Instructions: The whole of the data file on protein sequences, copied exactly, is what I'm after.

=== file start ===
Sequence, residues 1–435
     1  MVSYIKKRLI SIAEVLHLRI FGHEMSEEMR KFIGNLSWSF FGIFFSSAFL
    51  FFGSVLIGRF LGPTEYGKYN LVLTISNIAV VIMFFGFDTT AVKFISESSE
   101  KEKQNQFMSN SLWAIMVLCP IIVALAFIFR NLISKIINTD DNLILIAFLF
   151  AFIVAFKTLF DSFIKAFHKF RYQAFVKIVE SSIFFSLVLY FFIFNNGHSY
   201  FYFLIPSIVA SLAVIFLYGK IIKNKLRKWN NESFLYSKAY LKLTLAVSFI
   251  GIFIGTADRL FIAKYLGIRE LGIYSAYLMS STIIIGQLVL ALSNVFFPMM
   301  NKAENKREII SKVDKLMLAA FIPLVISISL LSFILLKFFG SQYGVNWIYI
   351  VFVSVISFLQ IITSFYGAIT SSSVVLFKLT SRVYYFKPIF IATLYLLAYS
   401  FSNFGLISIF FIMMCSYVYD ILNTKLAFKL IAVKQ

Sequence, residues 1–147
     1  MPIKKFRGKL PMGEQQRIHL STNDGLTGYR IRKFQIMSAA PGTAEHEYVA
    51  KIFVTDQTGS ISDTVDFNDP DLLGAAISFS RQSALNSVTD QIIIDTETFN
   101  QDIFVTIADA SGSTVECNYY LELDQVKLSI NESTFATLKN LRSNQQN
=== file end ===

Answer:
Sequence, residues 1–435
     1  MVSYIKKRLI SIAEVLHLRI FGHEMSEEMR KFIGNLSWSF FGIFFSSAFL
    51  FFGSVLIGRF LGPTEYGKYN LVLTISNIAV VIMFFGFDTT AVKFISESSE
   101  KEKQNQFMSN SLWAIMVLCP IIVALAFIFR NLISKIINTD DNLILIAFLF
   151  AFIVAFKTLF DSFIKAFHKF RYQAFVKIVE SSIFFSLVLY FFIFNNGHSY
   201  FYFLIPSIVA SLAVIFLYGK IIKNKLRKWN NESFLYSKAY LKLTLAVSFI
   251  GIFIGTADRL FIAKYLGIRE LGIYSAYLMS STIIIGQLVL ALSNVFFPMM
   301  NKAENKREII SKVDKLMLAA FIPLVISISL LSFILLKFFG SQYGVNWIYI
   351  VFVSVISFLQ IITSFYGAIT SSSVVLFKLT SRVYYFKPIF IATLYLLAYS
   401  FSNFGLISIF FIMMCSYVYD ILNTKLAFKL IAVKQ

Sequence, residues 1–147
     1  MPIKKFRGKL PMGEQQRIHL STNDGLTGYR IRKFQIMSAA PGTAEHEYVA
    51  KIFVTDQTGS ISDTVDFNDP DLLGAAISFS RQSALNSVTD QIIIDTETFN
   101  QDIFVTIADA SGSTVECNYY LELDQVKLSI NESTFATLKN LRSNQQN